I always thought they were good looking little cars, with the exception of the notch-back, and very space efficient.

    1. Very early Iron Duke engines were a modified version of the motor that was used in Jeeps. Some had different cylinder heads. On top of that, early manual transmissions actually had a bellhousing that could be bolted up directly to a V-8!!! These are extremely rare to find, I actually had one but didn't know it's value.

      I also had a 1980 v6 with 4-speed. Floor and rocker panels were GONE. The front bench seat rested (balanced) on the exhaust tunnel!! But that car could drive through a foot of snow and get great gas mileage. The interior was like that of a minivan. It handled being jumped more than once without damage, and ultimately, it all ended in a violent crash, and kept me safe with only small bruises. All without ABS or airbags....

    2. You likely had a rare combination of the modified Jeep Iron Duke with the rare V8 bellhousing!!

    3. My first car was a v-6, 4 on the floor. Bench up front, hatch in the back. Never quit, never failed, best vehicle i ever owned(including my rangers and beetles). I went to work one day and my mom sold it because my sister wouldn't drive it. Still hope to find another.

  3. I have one! my first car, solid and funy

  4. I've been driving a Citation since 1989. Started with a 1981 4-door, had three '85s since (now down to two). Great car to drive. Too bad the frame doesn't last through Canadian winters.

  5. Awesome, too bad no 2 door models got that option. I never liked the four door style very much and got my 85 x-11 in need of some restoration soon enough.

  6. Super article on the COPO Citations...thanks for posting it. Saw a white ’82 or so X-11 notch-back coupe on I-435 going around KC about 15 years ago. Only one I've ever you recall if your family dealership ever sold one? Even the X-11 hatchbacks are quite rare now, of course. My son's first car was an '81 X-11 hatchback. It had as many or more special parts as a Z-28 Camaro of that period.

  7. Interesting story. Back in 1980, few non-exotic cars would accelerate from 0-60 in under 10 seconds. Even the V8-versions of Mustang GTs and Camaros didn't get there. According to Road&Track tests, Citations would. I bought one, the first X-11 version which was mostly decals and boy-racer stuff; the "hi-po motor, bigger wheels" X-11 package would be a year or two later.

    What I remember about my cars (yeah, I had two as the first one locked the rear brakes on water and ended up turtle-ing) includes the handling (great cornering on smooth roads, harsh ride otherwise with the F41 sport suspension package) and the various recalls and extended warranties. A couple years after buying the second car, there was a class-action suit about the brakes locking up (well, d'uh, I know that after owning two!), recalls for the emergency brake cables sticking and the clutch self-adjusting mechanism, extended warranties on transmission shifter forks (how was 1st to 3rd, a W-I-D-E gap when the fork for second wore out!), and IIRC the rack and pinion steering,...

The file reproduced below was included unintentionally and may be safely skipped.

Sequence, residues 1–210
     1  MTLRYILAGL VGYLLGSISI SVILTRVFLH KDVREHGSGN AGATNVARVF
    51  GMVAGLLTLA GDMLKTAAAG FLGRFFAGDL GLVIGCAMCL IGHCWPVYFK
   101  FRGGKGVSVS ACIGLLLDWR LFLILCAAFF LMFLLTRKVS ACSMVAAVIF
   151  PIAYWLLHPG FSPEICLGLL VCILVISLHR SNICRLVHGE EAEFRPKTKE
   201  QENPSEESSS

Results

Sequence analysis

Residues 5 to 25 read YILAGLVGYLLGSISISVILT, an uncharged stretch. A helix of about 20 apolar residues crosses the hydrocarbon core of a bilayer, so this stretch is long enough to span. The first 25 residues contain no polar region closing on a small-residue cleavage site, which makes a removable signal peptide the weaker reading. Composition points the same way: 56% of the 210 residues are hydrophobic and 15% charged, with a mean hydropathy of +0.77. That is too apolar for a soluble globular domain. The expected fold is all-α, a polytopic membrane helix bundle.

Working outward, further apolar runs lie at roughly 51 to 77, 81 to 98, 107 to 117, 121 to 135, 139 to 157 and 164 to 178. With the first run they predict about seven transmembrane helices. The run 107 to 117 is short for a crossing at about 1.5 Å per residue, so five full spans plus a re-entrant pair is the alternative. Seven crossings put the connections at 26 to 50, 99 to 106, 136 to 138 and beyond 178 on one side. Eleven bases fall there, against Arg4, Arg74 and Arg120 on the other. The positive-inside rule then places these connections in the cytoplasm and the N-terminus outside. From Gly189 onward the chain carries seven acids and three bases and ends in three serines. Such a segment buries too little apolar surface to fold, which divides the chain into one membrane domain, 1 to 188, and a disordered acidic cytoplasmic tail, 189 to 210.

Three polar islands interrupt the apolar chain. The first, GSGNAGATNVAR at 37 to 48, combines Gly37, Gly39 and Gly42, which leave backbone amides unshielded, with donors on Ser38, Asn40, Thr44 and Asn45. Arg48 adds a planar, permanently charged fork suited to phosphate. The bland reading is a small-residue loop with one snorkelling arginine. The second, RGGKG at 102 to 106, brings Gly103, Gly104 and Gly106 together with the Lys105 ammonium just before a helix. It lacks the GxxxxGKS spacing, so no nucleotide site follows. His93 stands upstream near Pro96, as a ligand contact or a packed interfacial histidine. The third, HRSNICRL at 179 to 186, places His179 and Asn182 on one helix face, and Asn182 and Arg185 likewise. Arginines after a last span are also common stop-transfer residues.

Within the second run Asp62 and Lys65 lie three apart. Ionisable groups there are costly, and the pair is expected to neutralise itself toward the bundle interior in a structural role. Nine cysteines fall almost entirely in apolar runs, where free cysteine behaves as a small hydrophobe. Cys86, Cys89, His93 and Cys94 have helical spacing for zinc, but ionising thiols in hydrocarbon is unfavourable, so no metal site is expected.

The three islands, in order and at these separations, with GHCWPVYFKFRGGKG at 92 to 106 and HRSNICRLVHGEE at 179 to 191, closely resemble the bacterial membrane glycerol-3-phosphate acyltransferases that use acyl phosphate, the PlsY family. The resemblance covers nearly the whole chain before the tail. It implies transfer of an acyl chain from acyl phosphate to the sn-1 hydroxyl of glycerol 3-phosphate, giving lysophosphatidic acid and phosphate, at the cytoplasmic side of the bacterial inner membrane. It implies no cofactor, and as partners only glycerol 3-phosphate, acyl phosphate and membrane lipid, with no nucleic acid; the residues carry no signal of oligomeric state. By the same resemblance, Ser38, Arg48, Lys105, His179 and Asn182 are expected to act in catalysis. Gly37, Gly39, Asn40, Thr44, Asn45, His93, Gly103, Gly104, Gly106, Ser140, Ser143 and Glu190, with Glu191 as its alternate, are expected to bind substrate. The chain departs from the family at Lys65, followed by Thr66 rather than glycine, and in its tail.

But, it was fun when it worked!

  8. Interesting article. I knew what COPO meant, but had never known of any COPO Citations! Actually, the Citation was a good little car for what it was. The nameplate suffered a lot of bad press needlessly, but American car magazines just LOVE to try and kill American car makers;
    And make damn sure that people who don't know any better send their money and jobs to asia...
    Anyway, as you stated, the later X11 was a really neat car that was a terror in SCCA Showroom Stock racing for awhile. Really wanted one back in the day, but never got around to it.

  9. I owed a 1984 white Citation II PJ. It was great. It was a real treat to drive after driving a 1970 Caprice for 5 years. It had excellent gas mileage for the time (Caprice got 8 mpg).

    I used it on summer camping trips. I used to fold the rear seat down and it created 6 feet of sleeping space.

    I sold it in '86 and you know, I still miss it. The citation got a lot of bad press, but mine was a really good car. I haven't had a chevy since.


    1. Sorry to hear you did not enjoy your '70 Caprice. My story was opposite. I bought a '70 Impala used in '72. Best car I ever owned and traded it in on a Citation new in 1982. The citation was so so, went through front drive axles and cv joints left and right. The V6 never ran smooth as the 350 in my '70.

  10. These limited cars are the best especially those classic cars.

  11. A friend from college had a really nice X-11 Citation. It was a great car!

  12. Add my name to the list of happy Citation owners. I bought my first one in 1980 and drove it hard and fast for 160,000 miles. Then I bought newer models for my wife and college-age children. I was very disappointed when GM dropped the neat little compact and I had to adjust to other less road-able vehicles.
    But last September (2013) I had a real surprise. An old Chevy dealer in Peirce, Nebraska had 500 trade-ins to sell at auction. Among them were a few cars that had never been sold, including a 1981 Citation with six miles on it! That's right, 000,006 miles. You may be assured that I went to the auction where I won the bid on this rare treasure. It was a 4-speed manual (meaning it was towable) so I towed it home. It had been parked in grove of trees and was badly weathered so I am now restoring it to showroom condition. The car is quick, fun, easy on the gas, and brings back many happy memories.

  13. Tough little cars! I am now in the process of putting a '94 supercharged v6 with a 5-speed in my dad's '84 x-11...

  14. I still drive my 1984 today its only got 68thousen on her and she's a stater every time she eats them fords.